Medical Marijuana Rice Snack

Medical Marijuana Rice Snack

The addition of edibles to Florida’s medical marijuana market could boost a projected near-$1 billion in 2020 cannabis sales by 20 percent, or $200 million, industry analysts said.

The Florida Office of Medical Marijuana Use (OMMU) released long-awaited guidelines for medical marijuana edibles, three years after voters approved a

constitutional amendment legalizing medical marijuana and one year after state lawmakers lifted a ban on smokable medical marijuana.

Parallel Florida LLC, Curaleaf, VidaCann and Trulieve already have received approval to start manufacturing edible products, Agriculture Commissioner Nikki Fried said in a statement, noting edibles provide patients with “another


Trulieve, Florida’s largest medical marijuana operator with 57 dispensaries statewide, said it has built a 10,000-square-foot commercial kitchen and will “soon” begin selling the


Trulieve CEO Kim Rivers said about half of the state’s medical

marijuana sales stem from smokable flower, with the new edible

product line likely to boost sales by as much as 20 percent.

Marijuana Business Daily’s Marijuana

Business Factbook estimated medical cannabis sales in Florida will range from $775 million to $950 million this year, significantly higher than $575 million in 2019 sales.

Some analysts project Florida’s medical marijuana market will generate $1.3 billion in 2021 sales and $6 billion in annual sales by 2030 in Florida. That 2021 projection did not include edible sales.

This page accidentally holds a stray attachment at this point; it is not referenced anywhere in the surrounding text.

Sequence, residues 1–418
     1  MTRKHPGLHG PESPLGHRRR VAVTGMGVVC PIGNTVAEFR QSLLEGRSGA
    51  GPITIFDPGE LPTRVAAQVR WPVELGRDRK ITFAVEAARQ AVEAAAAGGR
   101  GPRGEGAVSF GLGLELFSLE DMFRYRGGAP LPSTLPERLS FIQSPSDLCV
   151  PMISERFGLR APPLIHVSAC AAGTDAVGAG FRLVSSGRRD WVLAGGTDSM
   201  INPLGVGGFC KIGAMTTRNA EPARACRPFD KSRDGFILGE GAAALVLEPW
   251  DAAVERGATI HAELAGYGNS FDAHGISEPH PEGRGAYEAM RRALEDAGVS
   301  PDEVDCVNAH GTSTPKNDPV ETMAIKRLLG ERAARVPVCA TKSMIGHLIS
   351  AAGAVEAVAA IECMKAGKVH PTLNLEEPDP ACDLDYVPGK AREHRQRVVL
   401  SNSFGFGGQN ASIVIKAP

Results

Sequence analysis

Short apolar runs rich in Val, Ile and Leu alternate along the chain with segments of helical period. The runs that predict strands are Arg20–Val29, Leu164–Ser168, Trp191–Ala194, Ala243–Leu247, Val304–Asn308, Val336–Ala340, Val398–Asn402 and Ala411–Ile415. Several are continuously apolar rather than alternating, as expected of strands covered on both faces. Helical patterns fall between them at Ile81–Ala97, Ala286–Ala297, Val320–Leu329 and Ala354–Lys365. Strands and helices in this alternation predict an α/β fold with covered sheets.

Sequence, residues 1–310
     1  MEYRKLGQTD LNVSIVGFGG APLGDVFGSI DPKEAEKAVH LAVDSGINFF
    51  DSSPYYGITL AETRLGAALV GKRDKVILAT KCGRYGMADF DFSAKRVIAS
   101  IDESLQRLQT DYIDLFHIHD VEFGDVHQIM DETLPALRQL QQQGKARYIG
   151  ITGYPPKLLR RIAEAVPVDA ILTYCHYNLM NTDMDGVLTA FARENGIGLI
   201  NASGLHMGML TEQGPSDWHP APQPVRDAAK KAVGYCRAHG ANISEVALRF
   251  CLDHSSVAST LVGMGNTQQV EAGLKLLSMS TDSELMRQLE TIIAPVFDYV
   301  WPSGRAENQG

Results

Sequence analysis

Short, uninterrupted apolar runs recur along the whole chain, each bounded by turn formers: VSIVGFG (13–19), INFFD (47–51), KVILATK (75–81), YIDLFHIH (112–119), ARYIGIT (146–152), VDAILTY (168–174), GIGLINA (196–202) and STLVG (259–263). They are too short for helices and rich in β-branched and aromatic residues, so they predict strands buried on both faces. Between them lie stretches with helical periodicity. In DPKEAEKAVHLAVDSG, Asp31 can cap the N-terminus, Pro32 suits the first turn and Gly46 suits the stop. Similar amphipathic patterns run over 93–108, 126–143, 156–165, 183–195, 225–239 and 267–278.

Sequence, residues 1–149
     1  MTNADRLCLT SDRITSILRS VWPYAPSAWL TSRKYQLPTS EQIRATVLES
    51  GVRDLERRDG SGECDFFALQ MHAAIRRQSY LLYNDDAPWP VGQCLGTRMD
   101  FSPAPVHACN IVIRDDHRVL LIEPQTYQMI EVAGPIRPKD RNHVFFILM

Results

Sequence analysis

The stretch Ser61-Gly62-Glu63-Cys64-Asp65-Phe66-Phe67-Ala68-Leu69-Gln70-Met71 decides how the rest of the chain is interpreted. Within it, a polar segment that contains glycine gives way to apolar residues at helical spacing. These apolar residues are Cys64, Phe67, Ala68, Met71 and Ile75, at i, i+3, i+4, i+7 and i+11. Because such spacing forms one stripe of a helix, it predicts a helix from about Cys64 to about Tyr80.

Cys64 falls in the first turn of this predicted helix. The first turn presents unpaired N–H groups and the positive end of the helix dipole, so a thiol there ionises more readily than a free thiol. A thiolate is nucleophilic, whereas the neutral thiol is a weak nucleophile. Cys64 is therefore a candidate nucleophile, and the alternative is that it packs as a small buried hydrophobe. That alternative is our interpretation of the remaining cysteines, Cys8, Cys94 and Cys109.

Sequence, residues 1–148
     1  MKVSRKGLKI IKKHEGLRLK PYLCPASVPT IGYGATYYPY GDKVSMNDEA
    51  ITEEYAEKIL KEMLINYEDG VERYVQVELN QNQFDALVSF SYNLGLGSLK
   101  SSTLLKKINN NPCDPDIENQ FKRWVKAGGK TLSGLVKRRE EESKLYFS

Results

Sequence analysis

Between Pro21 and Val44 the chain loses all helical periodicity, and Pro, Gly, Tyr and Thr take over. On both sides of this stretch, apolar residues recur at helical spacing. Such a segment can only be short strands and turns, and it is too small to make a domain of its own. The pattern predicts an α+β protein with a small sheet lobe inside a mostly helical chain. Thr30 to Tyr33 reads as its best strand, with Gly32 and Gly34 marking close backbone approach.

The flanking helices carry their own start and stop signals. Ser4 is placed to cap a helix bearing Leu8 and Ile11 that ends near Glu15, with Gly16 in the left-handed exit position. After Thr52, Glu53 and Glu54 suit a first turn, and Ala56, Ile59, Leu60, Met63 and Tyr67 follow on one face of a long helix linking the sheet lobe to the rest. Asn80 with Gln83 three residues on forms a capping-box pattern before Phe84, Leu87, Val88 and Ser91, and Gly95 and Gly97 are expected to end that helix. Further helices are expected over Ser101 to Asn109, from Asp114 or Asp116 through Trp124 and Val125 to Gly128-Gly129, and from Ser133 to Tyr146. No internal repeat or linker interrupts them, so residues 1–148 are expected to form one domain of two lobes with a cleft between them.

According to OMMU’s update Aug. 21 – 399,253 Floridians are qualified by 2,573 certified physicians to fill medical marijuana prescriptions at 270

dispensaries across the state.

CannaMD physician Dr. Joey Beyer issued a medical marijuana edibles certification to Gloria DeGeus, who uses medical marijuana to treat PTSD, according to a company press release.

“I don’t think people understand how much medical marijuana helps,” DeGeus told CannaMD.

The rules require a $650 annual permit to manufacture edibles with these guidelines:

• Edibles cannot resemble commercially available candy;

• Edibles must be in geometric shapes (not animal shapes);

• Edibles can include baked goods, chocolate, drink powders, lozenges and gelatins.

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